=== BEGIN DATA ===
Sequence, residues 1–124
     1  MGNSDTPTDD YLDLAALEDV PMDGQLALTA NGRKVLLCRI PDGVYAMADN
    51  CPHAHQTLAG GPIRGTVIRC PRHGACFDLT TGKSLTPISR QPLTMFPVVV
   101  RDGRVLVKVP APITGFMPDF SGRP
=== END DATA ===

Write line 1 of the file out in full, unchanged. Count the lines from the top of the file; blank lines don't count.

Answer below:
Sequence, residues 1–124